New research from Victoria University in Australia has revealed new findings pointing to why the Antarctic ice sheets have melted in the past, and how they might be most affected in the future, and how their current-day degradation might affect the ocean levels.
In a paper published in the latest edition of the journal Nature Geoscience, researcher Dr. Andrew Mackintosh, along with colleagues Dr. Nick Golledge and Dr. Dan Zwartz, looked at the retreat of the East Antarctic ice sheet at the end of the Last Glacial Period, and what caused the melting of the ice sheets; sea level rise or ocean warming.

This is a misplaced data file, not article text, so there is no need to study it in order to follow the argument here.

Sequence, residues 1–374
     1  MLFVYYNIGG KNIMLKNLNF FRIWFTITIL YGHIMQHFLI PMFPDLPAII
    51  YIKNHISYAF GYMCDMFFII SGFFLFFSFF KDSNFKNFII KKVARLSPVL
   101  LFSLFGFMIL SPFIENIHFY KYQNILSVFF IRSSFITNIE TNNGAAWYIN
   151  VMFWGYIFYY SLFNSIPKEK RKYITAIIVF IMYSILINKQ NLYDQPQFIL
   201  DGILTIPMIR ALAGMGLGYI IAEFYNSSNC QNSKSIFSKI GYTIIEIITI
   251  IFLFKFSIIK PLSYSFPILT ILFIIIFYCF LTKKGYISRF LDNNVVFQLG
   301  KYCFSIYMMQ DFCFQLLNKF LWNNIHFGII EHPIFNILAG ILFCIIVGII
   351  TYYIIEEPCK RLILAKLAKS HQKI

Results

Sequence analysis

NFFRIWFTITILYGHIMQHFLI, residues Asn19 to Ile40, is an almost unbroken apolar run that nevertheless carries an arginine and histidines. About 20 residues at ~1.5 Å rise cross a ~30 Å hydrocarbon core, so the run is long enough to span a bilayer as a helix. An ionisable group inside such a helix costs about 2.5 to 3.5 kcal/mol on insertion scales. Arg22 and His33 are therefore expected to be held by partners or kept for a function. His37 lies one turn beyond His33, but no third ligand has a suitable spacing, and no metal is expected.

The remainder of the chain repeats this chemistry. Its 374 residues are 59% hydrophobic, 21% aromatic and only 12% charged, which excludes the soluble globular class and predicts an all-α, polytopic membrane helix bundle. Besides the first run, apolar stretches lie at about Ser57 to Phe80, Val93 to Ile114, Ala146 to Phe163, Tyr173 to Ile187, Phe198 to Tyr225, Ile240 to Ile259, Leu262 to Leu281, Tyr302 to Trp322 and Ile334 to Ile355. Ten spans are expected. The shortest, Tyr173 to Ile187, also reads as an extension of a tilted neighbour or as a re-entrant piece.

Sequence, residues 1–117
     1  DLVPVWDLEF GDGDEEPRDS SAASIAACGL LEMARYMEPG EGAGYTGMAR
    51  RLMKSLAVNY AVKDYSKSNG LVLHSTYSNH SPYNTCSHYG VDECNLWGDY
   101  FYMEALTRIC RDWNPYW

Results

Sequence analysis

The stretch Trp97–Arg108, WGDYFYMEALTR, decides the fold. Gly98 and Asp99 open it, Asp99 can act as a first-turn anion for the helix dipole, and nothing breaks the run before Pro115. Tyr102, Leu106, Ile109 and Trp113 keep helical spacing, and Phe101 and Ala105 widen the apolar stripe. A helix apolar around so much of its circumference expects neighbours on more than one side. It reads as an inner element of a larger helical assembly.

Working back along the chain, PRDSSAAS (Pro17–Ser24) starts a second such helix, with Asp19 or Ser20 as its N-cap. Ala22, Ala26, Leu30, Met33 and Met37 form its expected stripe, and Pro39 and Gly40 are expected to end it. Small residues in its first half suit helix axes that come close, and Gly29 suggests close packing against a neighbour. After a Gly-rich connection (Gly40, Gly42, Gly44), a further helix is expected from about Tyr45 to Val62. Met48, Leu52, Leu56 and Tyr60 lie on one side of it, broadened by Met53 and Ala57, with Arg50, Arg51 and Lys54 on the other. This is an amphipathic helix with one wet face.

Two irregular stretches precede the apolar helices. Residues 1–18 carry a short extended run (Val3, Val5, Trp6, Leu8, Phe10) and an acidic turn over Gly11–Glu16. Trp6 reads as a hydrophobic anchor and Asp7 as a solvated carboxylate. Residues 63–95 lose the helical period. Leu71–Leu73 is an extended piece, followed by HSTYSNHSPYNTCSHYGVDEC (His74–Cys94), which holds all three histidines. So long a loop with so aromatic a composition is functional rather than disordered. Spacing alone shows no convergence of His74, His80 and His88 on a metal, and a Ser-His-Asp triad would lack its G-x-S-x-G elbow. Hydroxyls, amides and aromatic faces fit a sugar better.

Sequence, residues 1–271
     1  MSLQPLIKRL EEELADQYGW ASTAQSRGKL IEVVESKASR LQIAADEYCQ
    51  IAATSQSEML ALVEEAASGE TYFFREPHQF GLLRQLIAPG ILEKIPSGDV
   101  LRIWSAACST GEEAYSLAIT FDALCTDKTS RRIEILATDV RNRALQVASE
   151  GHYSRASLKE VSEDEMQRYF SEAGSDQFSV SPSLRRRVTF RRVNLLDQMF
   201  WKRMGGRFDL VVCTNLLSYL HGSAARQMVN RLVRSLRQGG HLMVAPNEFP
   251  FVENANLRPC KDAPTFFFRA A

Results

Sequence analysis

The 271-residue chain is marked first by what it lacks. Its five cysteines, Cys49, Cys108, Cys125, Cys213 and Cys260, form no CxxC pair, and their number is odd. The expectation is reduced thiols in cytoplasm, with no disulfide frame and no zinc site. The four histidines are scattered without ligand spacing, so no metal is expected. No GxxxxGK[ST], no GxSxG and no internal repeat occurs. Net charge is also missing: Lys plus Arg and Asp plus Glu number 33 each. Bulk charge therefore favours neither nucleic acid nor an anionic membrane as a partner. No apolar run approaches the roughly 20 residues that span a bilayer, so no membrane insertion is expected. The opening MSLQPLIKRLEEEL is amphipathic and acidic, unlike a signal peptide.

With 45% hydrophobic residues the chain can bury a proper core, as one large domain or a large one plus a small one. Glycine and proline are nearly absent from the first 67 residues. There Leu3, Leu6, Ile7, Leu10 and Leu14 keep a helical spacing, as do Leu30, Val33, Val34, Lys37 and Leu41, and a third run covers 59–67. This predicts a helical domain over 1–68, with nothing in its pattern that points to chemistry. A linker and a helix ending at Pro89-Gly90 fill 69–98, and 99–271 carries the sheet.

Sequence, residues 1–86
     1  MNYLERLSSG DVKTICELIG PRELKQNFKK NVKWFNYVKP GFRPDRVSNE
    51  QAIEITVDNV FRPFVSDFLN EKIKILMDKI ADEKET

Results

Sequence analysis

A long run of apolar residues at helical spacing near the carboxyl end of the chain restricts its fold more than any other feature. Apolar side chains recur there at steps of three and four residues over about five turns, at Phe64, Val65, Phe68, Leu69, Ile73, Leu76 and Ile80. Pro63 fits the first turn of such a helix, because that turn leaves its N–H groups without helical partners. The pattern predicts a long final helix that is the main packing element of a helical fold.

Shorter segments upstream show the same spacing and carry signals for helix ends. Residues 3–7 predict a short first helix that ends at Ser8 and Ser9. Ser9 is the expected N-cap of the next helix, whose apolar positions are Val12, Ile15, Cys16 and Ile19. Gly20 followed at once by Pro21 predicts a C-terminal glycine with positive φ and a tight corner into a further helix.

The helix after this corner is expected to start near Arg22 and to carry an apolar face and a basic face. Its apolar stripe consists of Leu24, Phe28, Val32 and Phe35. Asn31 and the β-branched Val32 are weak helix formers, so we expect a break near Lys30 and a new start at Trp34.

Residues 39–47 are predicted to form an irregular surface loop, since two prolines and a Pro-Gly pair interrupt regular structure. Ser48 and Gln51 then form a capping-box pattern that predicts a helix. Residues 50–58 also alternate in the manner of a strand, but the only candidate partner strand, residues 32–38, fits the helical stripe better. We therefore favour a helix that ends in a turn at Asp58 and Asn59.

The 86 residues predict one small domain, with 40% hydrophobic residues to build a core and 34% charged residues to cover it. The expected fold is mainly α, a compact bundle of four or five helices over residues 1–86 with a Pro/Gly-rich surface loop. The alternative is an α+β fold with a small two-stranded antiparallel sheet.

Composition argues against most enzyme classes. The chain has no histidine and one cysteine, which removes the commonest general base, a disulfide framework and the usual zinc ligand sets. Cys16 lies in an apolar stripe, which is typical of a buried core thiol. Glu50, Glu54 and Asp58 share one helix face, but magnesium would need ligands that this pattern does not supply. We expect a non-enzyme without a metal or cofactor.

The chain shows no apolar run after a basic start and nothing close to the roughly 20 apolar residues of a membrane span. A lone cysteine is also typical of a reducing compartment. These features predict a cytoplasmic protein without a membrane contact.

“Our research looked at how ice sheets behave, in particular the East Antarctic ice sheet. The retreat of this ice sheet at the end of the last glacial period has previously been attributed to both sea level rise and ocean warming,” says Dr. Mackintosh.
“We found that although the initial stage of retreat may have been forced by sea level rise, the majority of the ice loss resulted from ocean warming. Increasing ocean warmth seems to be the main driver of ice sheet retreat.”
“This means that we should be particularly concerned about the present-day warming of the oceans around the Antarctic periphery. Our findings suggest that a substantial contribution from melting ice sheets to global sea level rise in the near future is very likely.”
Mackintosh and colleagues used computer models of ice retreat thousands of years ago compared with geological data to gain an understanding of what the future might hold for the oceans and the Antarctic ice sheets.